Words Sakina N.
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Art Forms: Contemporary vs. Traditional
Am I Contemporary Enough?
Before we begin this article, I thought it might be useful to clarify the difference between contemporary and modern art. Though the terms are frequently used as synonyms, they actually refer to two distinctly varying art forms.
According to the TATE, the term contemporary art loosely refers to “art of the present day and of the relatively recent past, of an innovatory or avant-garde nature” (think: Ai Weiwei, Yayoi Kusama & Damien Hirst). Conversely, MoMA defines modern art as “art of a style marked by a significant departure from traditional styles and values, in particular that created between the late 19th and the late 20th centuries” (think: Pablo Picasso and Andy Warhol)
For the purpose of this debate we will be arguing that traditional art (i.e. art from the Baroque period) possesses not only the merits of contemporary art but was and continues to be avant-garde in nature. Whilst the art might not be dated to the 21st century, the discussion of the art of Artemisia Gentileschi will reflect the innovation and sometimes revolutionary nature of the Baroque.
The 17th century saw the flourishing of a style, the Baroque, which was characterised by self-confidence, dynamism and a realistic approach to depiction. However, that its origins were rooted in the high artistic standards set by the ancient Romans and Greeks is undeniable. It resulted in the creation of superficially homogenous artworks, ones that are vastly disparate from our definition and ideas of contemporary art.
How then can the art of Artemisia Gentileschi be viewed as contemporary?
The answer lies with her. Artemisia Gentileschi was essentially a badass (by 21st century standards). She was strong, independent, passionate, driven and inadvertently a feminist.
Although she was the daughter of Orazio Gentileschi (a famed artist in his own right), under whom she trained, her success was no easy feat. In 1611, Artemisia was raped by the painter Agostino Tassi, an acquaintance and collaborator of her father’s. The ensuing trial in 1612 was a blood-bath, which saw Artemisia tortured (ropes were wrapped around her fingers and pulled tight) in court whilst her assailant watched on.
Following the trial, where Tassi was found guilty but remained unpunished, Artemisia married a little-known Florentine artist by the name of Pierantonio di Vincenzo Stiattesi, and left Rome for Florence shortly thereafter.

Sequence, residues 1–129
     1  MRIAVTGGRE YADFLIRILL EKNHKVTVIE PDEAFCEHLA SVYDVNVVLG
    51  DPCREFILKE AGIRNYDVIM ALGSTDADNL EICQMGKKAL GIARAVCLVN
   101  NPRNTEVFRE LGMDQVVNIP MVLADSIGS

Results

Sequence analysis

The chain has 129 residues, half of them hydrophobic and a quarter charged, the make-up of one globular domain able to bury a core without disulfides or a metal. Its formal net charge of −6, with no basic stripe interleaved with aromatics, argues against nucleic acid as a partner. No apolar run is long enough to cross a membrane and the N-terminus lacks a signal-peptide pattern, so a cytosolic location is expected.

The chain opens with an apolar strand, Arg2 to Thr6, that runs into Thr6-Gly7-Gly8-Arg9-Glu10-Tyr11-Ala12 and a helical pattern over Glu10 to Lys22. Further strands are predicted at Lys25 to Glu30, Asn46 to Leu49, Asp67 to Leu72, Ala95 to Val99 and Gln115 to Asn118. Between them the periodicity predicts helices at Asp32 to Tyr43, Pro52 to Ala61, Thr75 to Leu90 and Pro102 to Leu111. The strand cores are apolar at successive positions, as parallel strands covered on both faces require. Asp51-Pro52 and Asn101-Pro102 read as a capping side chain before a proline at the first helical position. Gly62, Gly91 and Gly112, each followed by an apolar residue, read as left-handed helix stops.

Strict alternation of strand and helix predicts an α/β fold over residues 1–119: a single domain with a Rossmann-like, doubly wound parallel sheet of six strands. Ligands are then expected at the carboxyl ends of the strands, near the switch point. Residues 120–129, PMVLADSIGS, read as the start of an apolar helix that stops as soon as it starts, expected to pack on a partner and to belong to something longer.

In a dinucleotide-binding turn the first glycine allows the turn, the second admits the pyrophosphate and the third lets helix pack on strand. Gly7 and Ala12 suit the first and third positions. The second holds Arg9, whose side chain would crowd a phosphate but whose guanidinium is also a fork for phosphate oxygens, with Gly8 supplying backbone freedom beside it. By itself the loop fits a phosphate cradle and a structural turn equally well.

Though her marriage was unhappy, it allowed her to establish herself as an independent artist, becoming the first woman to gain membership to the Academy of the Arts of Drawing in 1616, and eventually opening an independent studio in 1630, remaining until her death.
Through her art, Artemisia Gentileschi achieved the near impossible. She not only became highly successful in an age when guilds and academies closed their doors to women, but she did what none of the other Renaissance and Baroque women could – she communicated a powerful personal vision. Her paintings, comparable to the works of Frida Kahlo, are self-evidently autobiographical.
This is most observable in her painting, Judith and Holofernes. Her artwork, unlike the similar male created works, reflects a savage realism, transforming the narrative of her painting from biblical to personal. Artemisia’s brushstrokes and colour palette personify the image, ensuring that Judith exacts revenge where Artemesia could not.
Although the subject matter of her works were biblical and her figures were influenced by the Renaissance techniques of paintings and drawings, they reflected the emotions and experiences of Artemisia Gentileschi. Where Yayoi Kusama began the dot revolution, Artemisia shows the world what a disadvantaged woman of the 17th century is capable of. She said, ‘I AM HERE!’
Thus, I believe that the art of Artemisia Gentileschi, arguably the most famous female artist of her time, was and continues to be contemporary art. Like the definition, her paintings were innovative and avant-garde. She is a beacon of hope for women, a revolutionary.